But there are ways to make your company stand out from the crowd. One way is by crafting a top-notch job description. In this post, we’ll explain how to write a job description that attracts great candidates to your company. 

How to write a job description that attracts high-quality applicants

While it’s easy to slap together a job description and blast it across multiple job sites, attracting high-quality applicants requires a more thoughtful approach. Here are five of our best recommendations when it comes to writing a quality job description. 

1. Conduct a job analysis

A job analysis is a process of collecting information about the specific role you’re hiring for. The purpose of conducting a job analysis is to ensure you’re representing the skills, knowledge, and background needed for the role as accurately as possible for applicants. While there are many ways to gather this data, here are a few ways to start:

  • Look at the job descriptions of competitors hiring for similar roles
  • Interview or observe employees who are in the same or similar role at your organisation
  • Review sites like Glassdoor to get a sense of the required skills, responsibilities, and salary of the role

2. Collect input from other employees

Another way to ensure your job description is as thorough as possible is to consult the employees within your own organisation. If you’re hiring for a Marketing Coordinator, for example, you may want to speak with other members on the marketing team – especially the manager that will be overseeing the new hire. 

If you want to take this strategy a step further, have conversations with people from other teams who are likely to work closely with the new hire. So if your Marketing Coordinator is going to work alongside your sales team, interview a few of your Account Executives to understand their expectations and perspectives.

After you put the initial draft of the job description together, you may want to have these same people review it to ensure you’ve captured all their feedback accurately.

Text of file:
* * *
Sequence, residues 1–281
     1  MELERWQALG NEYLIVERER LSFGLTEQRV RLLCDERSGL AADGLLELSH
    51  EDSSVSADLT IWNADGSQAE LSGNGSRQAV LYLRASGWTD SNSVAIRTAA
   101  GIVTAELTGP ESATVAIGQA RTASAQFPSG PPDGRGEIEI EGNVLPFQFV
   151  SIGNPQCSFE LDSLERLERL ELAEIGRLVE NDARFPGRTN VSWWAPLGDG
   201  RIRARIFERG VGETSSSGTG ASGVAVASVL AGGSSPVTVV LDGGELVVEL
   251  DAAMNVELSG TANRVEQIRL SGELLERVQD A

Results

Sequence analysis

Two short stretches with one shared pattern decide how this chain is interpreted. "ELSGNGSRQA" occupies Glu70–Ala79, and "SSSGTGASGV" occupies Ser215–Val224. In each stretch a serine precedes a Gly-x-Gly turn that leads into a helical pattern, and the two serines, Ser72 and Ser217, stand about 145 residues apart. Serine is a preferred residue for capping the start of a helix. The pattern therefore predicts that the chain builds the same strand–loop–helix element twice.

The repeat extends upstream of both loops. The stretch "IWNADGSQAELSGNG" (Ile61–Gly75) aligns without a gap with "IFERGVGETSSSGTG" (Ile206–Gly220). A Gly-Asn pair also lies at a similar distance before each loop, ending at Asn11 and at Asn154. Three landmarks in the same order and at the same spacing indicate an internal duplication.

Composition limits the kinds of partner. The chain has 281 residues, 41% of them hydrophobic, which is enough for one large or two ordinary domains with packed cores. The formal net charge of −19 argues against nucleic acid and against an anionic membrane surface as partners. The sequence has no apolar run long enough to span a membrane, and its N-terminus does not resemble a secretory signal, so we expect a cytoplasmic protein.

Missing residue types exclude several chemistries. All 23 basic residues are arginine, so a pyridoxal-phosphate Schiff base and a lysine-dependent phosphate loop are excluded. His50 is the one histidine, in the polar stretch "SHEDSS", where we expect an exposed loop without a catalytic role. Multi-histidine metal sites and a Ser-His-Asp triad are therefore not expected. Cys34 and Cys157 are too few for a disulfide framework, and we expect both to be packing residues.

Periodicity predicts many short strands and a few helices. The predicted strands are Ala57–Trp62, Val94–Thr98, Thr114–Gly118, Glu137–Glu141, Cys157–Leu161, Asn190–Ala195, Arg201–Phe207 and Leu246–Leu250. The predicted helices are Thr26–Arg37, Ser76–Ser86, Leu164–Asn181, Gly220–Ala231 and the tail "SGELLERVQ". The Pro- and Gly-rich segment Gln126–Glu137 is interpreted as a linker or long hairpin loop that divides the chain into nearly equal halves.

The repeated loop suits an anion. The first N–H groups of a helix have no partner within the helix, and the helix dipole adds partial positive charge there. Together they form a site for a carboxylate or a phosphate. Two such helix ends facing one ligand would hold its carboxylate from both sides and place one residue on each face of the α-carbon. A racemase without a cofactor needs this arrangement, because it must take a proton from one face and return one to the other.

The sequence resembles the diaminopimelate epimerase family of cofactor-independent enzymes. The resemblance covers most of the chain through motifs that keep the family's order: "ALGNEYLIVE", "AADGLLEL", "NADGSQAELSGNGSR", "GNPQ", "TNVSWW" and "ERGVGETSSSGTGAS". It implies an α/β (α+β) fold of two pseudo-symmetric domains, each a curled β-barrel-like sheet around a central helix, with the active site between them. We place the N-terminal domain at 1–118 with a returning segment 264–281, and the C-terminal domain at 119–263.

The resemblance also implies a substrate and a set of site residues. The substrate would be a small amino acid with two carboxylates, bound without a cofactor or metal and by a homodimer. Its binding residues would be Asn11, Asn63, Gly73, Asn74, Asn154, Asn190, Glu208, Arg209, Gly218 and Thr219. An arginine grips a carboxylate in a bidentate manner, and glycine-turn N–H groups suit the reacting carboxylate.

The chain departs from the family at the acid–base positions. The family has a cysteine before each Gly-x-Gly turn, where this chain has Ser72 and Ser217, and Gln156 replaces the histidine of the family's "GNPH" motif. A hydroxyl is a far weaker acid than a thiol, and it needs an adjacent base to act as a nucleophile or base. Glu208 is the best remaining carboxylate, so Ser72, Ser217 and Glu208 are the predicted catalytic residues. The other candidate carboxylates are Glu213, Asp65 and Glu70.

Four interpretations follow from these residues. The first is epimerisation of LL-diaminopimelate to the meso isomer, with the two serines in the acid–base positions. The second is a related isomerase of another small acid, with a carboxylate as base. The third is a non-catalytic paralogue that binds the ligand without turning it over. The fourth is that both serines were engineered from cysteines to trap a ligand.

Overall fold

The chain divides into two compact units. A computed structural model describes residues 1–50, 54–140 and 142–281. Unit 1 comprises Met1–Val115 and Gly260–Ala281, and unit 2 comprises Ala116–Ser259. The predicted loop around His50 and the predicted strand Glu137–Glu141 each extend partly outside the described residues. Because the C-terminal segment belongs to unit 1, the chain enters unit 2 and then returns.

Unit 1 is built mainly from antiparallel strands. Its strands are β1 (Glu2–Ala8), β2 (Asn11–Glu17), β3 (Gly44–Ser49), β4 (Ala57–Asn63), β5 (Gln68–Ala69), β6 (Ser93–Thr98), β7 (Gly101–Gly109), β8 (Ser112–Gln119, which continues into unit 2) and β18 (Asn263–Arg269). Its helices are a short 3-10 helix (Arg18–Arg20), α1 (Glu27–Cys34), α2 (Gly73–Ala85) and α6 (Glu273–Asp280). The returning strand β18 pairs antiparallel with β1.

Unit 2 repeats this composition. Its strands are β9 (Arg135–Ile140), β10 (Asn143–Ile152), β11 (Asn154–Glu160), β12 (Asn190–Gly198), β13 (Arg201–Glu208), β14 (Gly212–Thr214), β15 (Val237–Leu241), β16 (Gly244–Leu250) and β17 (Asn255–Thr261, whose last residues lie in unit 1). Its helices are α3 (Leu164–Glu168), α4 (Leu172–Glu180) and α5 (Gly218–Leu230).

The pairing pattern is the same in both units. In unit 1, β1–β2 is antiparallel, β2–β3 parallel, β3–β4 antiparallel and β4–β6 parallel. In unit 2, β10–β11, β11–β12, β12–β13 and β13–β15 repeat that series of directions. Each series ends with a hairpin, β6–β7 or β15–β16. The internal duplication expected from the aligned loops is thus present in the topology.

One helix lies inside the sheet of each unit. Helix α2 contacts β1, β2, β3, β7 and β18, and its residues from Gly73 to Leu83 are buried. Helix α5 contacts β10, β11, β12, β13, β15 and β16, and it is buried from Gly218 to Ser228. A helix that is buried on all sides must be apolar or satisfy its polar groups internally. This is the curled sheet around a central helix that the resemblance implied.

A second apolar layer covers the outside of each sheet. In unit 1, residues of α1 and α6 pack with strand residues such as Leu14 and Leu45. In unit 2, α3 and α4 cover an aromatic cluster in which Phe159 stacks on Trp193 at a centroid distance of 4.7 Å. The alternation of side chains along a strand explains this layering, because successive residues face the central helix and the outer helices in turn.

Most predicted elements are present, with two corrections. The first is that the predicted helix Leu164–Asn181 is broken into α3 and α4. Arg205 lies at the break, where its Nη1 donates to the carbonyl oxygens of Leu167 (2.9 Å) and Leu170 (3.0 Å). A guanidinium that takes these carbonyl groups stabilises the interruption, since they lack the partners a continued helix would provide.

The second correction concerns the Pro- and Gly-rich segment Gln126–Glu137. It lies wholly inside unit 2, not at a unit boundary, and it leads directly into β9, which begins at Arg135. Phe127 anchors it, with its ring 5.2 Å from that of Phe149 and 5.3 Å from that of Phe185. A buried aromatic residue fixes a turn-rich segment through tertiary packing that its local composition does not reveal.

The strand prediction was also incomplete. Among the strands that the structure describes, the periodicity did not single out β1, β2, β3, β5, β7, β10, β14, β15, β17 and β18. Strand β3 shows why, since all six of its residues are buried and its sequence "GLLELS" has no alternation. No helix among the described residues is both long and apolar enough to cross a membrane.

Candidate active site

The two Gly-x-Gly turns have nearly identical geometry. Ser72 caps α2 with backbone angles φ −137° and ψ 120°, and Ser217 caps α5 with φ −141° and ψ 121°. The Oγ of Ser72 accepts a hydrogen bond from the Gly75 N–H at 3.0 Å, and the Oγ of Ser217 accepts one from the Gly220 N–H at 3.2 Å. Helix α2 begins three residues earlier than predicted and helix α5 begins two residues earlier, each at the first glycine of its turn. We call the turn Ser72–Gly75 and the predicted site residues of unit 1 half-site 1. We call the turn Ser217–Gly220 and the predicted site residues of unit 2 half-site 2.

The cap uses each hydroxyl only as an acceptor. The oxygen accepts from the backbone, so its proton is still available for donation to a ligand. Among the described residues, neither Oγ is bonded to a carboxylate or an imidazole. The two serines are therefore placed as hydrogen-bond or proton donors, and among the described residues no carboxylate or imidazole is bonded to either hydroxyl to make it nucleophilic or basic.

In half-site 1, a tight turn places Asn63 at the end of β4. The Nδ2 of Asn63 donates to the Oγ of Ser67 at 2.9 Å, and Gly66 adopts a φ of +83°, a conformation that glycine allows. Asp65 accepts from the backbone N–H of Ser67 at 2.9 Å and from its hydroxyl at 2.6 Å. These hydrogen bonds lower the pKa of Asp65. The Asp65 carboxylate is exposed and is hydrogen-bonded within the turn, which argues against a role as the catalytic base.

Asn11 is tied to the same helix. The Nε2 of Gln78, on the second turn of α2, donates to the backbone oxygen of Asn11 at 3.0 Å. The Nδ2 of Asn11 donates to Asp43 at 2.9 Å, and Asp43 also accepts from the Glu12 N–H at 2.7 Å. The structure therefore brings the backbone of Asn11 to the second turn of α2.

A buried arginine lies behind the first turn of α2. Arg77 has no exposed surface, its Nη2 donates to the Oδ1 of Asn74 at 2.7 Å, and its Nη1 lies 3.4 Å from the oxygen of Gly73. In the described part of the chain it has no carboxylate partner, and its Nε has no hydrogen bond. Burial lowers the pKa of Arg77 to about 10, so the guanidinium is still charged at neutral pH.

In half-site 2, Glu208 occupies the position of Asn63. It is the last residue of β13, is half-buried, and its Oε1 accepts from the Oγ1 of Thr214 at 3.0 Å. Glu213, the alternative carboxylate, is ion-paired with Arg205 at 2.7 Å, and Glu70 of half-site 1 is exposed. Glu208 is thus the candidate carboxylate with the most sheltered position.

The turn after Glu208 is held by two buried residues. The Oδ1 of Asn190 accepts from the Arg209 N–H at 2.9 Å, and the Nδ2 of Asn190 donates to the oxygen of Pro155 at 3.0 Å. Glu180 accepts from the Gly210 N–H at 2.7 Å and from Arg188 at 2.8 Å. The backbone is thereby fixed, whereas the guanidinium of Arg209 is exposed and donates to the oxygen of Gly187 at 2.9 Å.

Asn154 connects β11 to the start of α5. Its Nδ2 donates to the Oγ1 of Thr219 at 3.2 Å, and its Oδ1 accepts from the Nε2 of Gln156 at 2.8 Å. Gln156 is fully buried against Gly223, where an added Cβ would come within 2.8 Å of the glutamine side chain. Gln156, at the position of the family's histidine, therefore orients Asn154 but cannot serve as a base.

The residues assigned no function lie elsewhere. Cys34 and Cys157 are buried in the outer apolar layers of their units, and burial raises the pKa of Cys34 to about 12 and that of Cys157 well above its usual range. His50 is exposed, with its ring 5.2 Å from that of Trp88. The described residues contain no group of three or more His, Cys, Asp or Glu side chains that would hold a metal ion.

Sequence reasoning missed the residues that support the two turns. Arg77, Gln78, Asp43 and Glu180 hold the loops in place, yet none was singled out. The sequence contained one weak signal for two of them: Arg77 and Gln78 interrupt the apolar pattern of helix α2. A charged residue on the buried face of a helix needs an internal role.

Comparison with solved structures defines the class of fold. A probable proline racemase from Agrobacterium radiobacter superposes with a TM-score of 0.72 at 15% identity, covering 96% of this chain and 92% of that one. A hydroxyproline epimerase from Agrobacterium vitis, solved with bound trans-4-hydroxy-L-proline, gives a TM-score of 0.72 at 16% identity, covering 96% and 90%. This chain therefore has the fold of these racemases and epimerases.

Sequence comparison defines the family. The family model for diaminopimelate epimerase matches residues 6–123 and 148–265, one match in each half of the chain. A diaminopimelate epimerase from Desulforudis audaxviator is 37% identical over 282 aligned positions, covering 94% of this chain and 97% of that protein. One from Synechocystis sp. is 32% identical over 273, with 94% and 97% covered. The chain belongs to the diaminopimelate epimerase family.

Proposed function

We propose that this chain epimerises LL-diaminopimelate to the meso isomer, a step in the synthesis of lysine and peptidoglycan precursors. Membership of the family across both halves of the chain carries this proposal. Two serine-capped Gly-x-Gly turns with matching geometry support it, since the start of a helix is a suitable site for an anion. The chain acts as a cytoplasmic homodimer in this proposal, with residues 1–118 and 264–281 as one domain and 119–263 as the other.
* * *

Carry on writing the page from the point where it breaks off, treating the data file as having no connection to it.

3. Provide all the key information up-front

Now that you have all this information collected, how do you write the official job description? The most important thing to keep in mind is that it’s better to share more details, rather than less. To help you format and prioritise all of your information, below are the basic sections you should include in the job description:

  • A description of the job and job title
  • A summary of the location, role responsibilities, and preferred qualifications
  • An overview of the company culture and benefits
  • The expected salary range
  • The company’s diversity, equity, and inclusion (DEI) statement
  • Any additional information about potential travel requirements, work hours, etc.

The more information you provide up-front, the more likely it is that the applicant will be a good match for your organisation. When you don’t share key information, such as the salary range, you may end up wasting everyone’s time when it turns out that the compensation doesn’t align with the applicant’s expectations. 

4. Review the job description for biases

Before hitting ‘publish’ on your job description, have a third party review your job description for any biases or non-inclusive language. It’s easy to let minor mistakes slip through without realising or intending to, which is why it’s helpful to have fresh eyes on your work! 

Whoever reviews your job description should look for things like non-gender neutral pronouns or gender-coded words, internal jargon that might alienate applicants, or any other signs of implicit bias. 

5. Identify the right channels to post your job description

Finally, you want to make sure you’re publishing your job description on high-quality job sites. While it might seem like the best strategy is to spam as many of them as possible, this will only end up wasting your valuable time and money. 

Instead, we encourage HR teams to take a more targeted approach and select job sites that are known for attracting high-quality candidates. Below are a few of the websites, which are a mix of local and global, that we recommend starting with: 

A thoughtful and well-written job description is the first step to bringing more high-quality candidates into your talent pipeline. Use our recommendations to get started on the right foot. Flare HR also provides free onboarding software that can help you onboard new employees and give them the best first days and the best onboarding experience. To learn more, please request a demo.

How to manage five different generations in the workplace